Atlanta Falcons players arrived on Monday for 2021 AT&T Atlanta Falcons Training Camp.
David Hicks from Marshalltown, Iowa
The Falcons finally have a favorable strength of schedule. Do you believe this indeed help us or is a stat with no merit?
Bair: Boy am I glad you asked, David. It also me to go on a rant and rail against one of my least favorite metrics, and there are a lot of crappy ones out there.
Here we go. And, yes, I'll keep the expletives out of this: Sure, the Falcons have the third easiest strength of schedule. Their 2021 opponents had a .454 winning percentage last season. Big whoop. This isn't last season. How many teams go from worst to first, or at least pretty solid, from one year to the next? How many good teams lose a key cog and completely fall apart?
There's one answer to both questions: A bunch.
That's why I hate putting Ws and Ls next to each game right after the schedule release. It's a way to pass the spring time, nothing else. There's no way of knowing how teams will turn out before they take a meaningful snap. There are too many variables involved, too much injury risk in this game we all love, to assume anything in the NFL.
And, even if you think I'm completely full of it (the line starts behind my wife), there's another problem assuming strength of schedule will help your team. Teams within the same division are almost always bunched together!!!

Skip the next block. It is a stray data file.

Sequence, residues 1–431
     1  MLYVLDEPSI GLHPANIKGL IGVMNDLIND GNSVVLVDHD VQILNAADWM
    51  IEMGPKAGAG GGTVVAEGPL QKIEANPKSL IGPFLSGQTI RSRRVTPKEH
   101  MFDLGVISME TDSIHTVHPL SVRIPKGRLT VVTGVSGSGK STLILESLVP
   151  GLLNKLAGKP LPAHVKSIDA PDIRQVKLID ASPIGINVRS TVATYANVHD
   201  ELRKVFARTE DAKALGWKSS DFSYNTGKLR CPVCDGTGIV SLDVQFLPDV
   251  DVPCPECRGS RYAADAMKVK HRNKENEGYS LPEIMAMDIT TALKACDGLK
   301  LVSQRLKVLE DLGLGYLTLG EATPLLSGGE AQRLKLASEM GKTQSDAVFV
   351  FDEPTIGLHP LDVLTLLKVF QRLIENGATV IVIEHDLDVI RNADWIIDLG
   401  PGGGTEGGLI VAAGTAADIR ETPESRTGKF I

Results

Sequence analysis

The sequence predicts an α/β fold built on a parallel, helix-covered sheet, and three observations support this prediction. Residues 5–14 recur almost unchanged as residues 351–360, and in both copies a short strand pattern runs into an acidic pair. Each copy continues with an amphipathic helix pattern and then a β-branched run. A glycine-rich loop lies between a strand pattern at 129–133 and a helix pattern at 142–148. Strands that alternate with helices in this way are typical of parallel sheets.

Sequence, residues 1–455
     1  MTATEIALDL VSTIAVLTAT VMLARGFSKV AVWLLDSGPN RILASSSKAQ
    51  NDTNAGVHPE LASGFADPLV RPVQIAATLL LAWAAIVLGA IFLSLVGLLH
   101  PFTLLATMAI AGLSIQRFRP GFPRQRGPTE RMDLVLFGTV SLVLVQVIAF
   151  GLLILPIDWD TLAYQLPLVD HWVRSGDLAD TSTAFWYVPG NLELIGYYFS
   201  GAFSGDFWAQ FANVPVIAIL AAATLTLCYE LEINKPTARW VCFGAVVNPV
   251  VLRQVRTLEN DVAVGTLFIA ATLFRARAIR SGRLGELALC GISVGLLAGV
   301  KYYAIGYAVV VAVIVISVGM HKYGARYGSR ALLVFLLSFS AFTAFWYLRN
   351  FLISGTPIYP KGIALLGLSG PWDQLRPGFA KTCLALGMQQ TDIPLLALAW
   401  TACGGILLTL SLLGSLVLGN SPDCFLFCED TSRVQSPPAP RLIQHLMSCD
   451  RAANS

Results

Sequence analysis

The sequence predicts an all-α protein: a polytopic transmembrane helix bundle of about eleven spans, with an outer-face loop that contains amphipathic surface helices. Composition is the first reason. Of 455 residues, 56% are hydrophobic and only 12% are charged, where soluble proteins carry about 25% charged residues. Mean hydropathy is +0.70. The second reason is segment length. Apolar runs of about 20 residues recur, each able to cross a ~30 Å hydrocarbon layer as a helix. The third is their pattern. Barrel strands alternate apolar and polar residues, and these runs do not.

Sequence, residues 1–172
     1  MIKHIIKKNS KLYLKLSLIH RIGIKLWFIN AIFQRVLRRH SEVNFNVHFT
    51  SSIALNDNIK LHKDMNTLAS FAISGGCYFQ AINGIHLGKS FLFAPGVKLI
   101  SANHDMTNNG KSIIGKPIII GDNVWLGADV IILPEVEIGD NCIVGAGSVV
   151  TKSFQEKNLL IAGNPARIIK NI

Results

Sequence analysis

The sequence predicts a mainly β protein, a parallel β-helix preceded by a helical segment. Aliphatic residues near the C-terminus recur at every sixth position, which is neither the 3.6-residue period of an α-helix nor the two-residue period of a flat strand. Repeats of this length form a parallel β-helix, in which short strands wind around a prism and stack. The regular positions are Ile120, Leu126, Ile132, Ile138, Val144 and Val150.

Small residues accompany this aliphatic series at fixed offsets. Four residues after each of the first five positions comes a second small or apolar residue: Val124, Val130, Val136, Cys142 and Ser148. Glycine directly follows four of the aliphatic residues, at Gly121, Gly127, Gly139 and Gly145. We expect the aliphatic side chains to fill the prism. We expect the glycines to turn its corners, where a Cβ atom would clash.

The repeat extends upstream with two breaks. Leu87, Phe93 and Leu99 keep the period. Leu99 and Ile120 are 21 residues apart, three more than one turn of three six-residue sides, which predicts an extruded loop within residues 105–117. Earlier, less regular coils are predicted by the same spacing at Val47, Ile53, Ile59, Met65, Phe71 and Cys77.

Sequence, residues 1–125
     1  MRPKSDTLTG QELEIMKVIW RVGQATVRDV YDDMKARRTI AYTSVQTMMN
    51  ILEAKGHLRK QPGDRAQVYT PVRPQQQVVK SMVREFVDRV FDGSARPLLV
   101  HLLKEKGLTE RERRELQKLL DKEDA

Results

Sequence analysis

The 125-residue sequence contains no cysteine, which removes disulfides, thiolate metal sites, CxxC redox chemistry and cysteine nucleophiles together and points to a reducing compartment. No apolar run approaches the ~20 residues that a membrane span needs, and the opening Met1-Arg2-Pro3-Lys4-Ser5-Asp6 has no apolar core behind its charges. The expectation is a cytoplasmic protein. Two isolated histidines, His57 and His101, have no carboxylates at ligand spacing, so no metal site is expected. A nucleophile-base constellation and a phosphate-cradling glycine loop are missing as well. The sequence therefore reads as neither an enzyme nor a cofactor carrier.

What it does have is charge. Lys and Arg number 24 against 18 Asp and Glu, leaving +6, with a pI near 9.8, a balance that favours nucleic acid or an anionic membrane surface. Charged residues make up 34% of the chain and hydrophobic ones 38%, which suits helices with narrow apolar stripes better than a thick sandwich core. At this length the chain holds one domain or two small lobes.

Let's use the NFC South as an example. The Falcons have the third-easiest strength of schedule. The Super Bowl champion Buccaneers are one spot below them. The Panthers are four back and the Saints eight back. The difference between the Falcons' and Saints' strength of schedule: .029. If that's not negligible, I don't know what is.
Why are they so close together? Because scheduling isn't random. the entire NFC South plays the entire NFC East, which stunk to holy heck last year. And the entire NFC South also plays the entire AFC East, which, outside of Buffalo, totally stunk last year.
So, in sum, yeah. I don't put much weight in strength of schedule. Never will.
A call for more questions
And that'll do it for my first Bair Mail-bag, like ever. Hope you enjoyed reading it as much as I liked writing it. Let's keep it rolling and make these a regular thing. Submit your questions here and they could get answered in the next installment.